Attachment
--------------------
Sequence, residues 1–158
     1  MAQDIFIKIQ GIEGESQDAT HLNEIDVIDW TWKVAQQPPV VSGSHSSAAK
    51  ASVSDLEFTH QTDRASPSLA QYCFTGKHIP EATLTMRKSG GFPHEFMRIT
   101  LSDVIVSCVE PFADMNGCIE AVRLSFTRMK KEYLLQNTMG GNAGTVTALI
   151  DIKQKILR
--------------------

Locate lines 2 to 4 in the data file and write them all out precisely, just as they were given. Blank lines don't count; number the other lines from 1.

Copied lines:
     1  MAQDIFIKIQ GIEGESQDAT HLNEIDVIDW TWKVAQQPPV VSGSHSSAAK
    51  ASVSDLEFTH QTDRASPSLA QYCFTGKHIP EATLTMRKSG GFPHEFMRIT
   101  LSDVIVSCVE PFADMNGCIE AVRLSFTRMK KEYLLQNTMG GNAGTVTALI